Molecular Genetic Techniques

Recombinant DNA Technology

Recombinant DNA technology inserts modified DNA molecules from one organism into the genome of another organism.

DNA carries the genetic code required by an organism to make proteins within its cells. As the cell makes a protein, it copies the instructions from the DNA and transcribes them to a new ribonucleic acid (RNA) molecule. These RNA, or messenger RNA (mRNA), molecules carry the instruction set to the cell's ribosomes. Genetic engineering allows for a direct modification of an organism's genome to change an organism's traits, which are an organism's features. Scientists can insert DNA into an organism that contains the genetic code for a protein not normally made by that organism. This creates recombinant DNA, which is DNA created from more than one individual, possibly of a different species. This type of recombinant DNA technology is widely used in medicine and agriculture. For instance, a gene for insect resistance can be inserted into a crop plant that is normally affected by insects, such as corn rootworm or cotton bollworm. The new crop plant will produce recombinant proteins, which are proteins made by an organism that contain a recombinant gene associated with the inserted gene, allowing the new crop plant to show greater resistance to insects. However, encouraging a modified organism to express an inserted gene can be complicated because other components that assist in the decoding of the gene must also be added. This is especially problematic when trying to get a prokaryote, which is an organism without a nucleus, to express a gene of a eukaryote, an organism with a nucleus, because the genes are not always compatible.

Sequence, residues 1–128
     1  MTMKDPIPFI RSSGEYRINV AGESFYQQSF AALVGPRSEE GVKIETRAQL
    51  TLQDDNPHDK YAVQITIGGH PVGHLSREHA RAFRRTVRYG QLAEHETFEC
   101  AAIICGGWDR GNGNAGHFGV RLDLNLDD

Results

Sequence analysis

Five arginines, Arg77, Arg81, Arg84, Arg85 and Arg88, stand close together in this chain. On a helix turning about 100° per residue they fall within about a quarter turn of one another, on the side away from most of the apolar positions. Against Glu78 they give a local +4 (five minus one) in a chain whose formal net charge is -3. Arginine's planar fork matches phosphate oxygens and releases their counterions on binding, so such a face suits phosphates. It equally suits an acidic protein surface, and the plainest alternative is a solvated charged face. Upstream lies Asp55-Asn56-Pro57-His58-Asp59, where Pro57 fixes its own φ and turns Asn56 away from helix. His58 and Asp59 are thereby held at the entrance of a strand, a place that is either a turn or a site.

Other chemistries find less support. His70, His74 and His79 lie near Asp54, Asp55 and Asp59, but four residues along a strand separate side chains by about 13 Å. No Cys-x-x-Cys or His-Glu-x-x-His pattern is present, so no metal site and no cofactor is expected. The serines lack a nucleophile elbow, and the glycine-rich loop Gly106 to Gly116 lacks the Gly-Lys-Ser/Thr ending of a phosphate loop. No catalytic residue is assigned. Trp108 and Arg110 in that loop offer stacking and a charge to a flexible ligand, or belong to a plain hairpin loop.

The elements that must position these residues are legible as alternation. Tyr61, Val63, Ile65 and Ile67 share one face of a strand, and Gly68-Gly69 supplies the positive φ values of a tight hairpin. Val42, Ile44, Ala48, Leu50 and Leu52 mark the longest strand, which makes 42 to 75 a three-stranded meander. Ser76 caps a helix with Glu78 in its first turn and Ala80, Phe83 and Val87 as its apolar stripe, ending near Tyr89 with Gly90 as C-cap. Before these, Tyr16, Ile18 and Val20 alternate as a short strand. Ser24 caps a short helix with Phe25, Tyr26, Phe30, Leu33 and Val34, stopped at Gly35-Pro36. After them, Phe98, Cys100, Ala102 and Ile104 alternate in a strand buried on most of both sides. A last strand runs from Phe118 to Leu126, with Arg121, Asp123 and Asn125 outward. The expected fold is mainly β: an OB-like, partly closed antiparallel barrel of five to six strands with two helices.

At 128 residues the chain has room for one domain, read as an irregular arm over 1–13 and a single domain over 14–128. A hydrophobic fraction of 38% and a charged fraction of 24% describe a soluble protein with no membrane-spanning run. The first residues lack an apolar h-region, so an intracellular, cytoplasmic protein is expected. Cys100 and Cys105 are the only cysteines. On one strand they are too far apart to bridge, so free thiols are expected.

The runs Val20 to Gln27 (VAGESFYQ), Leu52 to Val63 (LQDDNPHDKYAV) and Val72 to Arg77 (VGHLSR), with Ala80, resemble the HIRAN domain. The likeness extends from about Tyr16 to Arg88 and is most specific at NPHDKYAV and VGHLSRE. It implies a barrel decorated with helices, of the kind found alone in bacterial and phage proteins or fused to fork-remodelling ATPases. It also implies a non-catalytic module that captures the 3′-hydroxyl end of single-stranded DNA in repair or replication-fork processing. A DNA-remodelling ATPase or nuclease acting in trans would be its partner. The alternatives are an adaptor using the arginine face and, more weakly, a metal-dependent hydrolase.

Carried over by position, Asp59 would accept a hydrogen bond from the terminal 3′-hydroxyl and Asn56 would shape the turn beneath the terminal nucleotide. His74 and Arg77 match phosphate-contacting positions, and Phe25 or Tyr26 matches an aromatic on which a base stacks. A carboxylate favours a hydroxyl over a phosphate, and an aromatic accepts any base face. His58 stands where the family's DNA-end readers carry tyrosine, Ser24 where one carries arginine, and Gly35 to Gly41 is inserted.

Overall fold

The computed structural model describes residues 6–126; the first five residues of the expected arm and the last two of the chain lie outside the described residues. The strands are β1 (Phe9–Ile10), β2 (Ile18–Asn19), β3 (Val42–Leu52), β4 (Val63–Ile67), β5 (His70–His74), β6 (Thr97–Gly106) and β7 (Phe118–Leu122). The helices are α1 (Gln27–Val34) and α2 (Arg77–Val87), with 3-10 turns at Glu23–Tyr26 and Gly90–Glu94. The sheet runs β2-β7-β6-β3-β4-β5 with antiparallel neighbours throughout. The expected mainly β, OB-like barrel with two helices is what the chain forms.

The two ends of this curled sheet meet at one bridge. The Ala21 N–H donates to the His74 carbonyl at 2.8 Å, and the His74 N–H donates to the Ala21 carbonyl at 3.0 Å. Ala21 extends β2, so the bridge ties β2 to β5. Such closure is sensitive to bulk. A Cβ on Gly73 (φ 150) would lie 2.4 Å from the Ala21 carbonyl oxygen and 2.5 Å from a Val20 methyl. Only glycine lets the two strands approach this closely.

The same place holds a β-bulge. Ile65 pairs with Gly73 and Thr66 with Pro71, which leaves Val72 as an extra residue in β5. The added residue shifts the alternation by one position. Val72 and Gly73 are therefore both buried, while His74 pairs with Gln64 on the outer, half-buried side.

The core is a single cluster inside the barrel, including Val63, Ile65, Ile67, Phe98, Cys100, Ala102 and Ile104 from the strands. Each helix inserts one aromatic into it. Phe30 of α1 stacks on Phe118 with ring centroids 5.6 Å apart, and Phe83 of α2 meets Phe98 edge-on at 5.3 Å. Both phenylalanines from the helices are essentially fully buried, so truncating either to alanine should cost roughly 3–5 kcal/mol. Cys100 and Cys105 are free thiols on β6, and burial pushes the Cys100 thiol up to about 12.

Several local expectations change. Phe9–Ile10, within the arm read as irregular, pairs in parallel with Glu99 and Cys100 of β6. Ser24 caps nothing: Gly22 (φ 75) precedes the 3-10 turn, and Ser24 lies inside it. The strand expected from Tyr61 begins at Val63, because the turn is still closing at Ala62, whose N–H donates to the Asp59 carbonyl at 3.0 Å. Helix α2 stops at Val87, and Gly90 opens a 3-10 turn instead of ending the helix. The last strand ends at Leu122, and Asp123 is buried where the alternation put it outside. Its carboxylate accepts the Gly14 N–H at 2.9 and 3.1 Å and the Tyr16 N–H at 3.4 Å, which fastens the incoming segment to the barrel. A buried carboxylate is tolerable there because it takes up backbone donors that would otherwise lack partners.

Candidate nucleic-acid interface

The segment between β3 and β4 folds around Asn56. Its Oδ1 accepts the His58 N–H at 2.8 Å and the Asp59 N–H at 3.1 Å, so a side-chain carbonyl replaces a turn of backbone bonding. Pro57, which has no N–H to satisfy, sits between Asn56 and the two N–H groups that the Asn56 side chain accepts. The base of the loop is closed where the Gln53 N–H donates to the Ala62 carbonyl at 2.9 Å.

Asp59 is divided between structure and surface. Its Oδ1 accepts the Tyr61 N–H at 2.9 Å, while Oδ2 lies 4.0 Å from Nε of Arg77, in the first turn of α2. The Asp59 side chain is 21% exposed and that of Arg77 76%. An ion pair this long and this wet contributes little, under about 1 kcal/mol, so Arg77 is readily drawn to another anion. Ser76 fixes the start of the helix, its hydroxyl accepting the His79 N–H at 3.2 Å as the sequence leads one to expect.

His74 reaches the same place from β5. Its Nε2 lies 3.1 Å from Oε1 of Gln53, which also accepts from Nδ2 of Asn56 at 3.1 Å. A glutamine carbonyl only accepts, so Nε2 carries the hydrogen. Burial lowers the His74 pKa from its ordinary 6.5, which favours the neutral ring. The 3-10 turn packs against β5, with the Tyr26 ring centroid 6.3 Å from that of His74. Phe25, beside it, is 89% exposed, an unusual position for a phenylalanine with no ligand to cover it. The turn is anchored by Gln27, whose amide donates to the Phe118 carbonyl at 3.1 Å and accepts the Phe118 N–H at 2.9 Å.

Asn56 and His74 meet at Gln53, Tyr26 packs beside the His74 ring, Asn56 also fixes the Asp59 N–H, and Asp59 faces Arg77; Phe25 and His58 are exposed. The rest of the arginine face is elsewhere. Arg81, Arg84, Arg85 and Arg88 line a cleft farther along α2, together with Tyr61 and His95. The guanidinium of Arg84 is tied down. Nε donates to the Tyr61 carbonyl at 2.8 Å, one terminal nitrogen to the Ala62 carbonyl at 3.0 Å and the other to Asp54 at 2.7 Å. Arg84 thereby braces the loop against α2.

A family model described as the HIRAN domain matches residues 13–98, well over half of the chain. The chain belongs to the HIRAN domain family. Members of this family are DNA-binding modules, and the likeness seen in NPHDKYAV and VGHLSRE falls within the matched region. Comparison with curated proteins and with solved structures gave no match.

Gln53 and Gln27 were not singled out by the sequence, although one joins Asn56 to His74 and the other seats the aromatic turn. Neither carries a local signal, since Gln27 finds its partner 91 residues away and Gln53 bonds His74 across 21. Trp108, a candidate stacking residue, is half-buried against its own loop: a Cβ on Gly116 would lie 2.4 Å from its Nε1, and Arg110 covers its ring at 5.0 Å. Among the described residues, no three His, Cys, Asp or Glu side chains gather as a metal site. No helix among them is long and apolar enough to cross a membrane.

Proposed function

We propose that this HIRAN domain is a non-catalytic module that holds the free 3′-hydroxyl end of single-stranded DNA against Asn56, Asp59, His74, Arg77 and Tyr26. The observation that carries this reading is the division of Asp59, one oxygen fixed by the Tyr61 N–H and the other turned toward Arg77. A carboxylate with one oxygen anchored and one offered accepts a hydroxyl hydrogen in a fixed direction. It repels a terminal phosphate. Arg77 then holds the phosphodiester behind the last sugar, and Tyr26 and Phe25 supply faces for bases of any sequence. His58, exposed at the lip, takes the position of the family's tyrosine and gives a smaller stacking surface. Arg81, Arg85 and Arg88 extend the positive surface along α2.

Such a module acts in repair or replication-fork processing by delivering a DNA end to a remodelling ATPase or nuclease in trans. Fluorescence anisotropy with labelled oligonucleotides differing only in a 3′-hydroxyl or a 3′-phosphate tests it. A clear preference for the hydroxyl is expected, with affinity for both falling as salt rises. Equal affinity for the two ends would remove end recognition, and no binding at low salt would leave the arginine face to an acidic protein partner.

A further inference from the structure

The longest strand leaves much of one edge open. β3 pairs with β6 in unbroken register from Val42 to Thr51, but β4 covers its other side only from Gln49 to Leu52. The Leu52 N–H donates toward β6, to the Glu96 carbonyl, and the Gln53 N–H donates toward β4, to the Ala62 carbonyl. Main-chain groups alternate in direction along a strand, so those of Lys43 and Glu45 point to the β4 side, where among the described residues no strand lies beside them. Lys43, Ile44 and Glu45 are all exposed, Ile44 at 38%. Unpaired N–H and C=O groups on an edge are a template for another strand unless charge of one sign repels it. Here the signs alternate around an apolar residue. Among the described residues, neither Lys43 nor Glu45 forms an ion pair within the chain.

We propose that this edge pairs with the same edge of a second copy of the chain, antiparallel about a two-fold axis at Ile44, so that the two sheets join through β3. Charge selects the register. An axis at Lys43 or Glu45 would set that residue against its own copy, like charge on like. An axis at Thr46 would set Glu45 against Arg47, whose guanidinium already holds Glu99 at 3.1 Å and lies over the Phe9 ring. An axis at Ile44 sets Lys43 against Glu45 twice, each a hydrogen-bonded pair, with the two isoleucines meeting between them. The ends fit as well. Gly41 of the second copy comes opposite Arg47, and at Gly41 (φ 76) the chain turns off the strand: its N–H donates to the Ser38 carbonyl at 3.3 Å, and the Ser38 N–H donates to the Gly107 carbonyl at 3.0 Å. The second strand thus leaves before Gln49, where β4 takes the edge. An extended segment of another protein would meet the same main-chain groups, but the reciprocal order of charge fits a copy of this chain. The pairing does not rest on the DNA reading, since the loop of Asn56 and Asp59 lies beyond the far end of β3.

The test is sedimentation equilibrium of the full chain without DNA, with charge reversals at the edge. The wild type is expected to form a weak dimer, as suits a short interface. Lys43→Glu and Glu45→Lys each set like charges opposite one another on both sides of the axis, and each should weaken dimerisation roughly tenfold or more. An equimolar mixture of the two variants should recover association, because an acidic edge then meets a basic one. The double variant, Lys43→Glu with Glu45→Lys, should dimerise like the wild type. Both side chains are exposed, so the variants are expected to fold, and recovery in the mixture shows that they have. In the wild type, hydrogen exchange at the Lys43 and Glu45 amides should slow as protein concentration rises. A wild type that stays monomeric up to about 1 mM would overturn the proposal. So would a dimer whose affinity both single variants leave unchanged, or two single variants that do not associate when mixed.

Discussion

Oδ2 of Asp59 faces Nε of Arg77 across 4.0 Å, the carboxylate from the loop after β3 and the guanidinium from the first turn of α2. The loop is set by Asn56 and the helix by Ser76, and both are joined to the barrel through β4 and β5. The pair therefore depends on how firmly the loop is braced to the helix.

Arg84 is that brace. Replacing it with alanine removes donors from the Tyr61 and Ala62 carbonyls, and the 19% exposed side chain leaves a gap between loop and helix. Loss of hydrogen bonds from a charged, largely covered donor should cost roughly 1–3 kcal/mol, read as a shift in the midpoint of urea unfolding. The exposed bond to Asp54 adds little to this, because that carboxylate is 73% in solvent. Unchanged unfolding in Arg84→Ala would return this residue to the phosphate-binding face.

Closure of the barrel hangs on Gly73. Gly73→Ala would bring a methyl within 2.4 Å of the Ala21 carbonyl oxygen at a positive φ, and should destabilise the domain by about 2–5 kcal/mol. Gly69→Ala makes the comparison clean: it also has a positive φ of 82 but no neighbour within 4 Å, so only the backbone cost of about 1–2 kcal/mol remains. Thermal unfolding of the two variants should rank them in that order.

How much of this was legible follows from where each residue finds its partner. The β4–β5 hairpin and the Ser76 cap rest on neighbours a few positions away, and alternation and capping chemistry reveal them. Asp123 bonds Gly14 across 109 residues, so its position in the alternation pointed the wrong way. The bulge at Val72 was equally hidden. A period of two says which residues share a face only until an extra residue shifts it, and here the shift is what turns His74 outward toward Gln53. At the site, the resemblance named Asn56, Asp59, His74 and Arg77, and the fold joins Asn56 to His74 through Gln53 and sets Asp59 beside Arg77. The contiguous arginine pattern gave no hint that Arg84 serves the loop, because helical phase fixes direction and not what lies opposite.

Once the new gene incorporates into an organism's genome, the organism's own machinery for DNA replication will automatically replicate the new gene, along with the rest of its DNA. In this way, recombinant DNA technology can be used to quickly mass-produce human, other animal, or plant genes or proteins inside naturally dividing bacterial cells. Bacteria are often used as a vector, which is a carrier of recombinant DNA, for this purpose because they are small, have relatively simple genomes, and reproduce quickly by cell division, making exact clones. Also, bacteria can naturally harbor a plasmid, which is a small, circular piece of bacterial DNA that replicates on its own and can be transferred between cells. These pieces of DNA are easily incorporated into other bacterial cells, making the plasmids the perfect DNA transportation vector. Most human insulin currently available to diabetic patients in the United States is made using bacteria.

As an example of this process, assume protein A is naturally produced by a plant. This protein is believed to have potential medical applications. In order to further study it, scientists will need large amounts of the gene and the protein. One way to accomplish this is through DNA cloning, the use of recombinant DNA technology to replicate DNA within a rapidly reproducing organism. First, scientists insert gene A, which contains the genetic code for protein A, into a bacterial cell. Then, as the bacteria quickly divide, the gene is replicated too. Eventually, entire bacterial colonies will carry gene A. The copies of the gene, or expressed proteins, can be harvested from the bacteria and used for research or other applications. Obtaining the protein itself is more complicated, as bacteria may have to be coaxed into making protein A through the use of a promoter, such as a specific chemical or a certain temperature.

Formation of Recombinant DNA Using Bacteria

A bacterial plasmid (a circular piece of bacterial DNA) and a piece of host DNA containing the desired gene are combined to make recombinant DNA. Recombinant DNA is incorporated into bacteria and replicated as the bacteria reproduce. This technique can be used to clone and copy DNA from many types of organisms.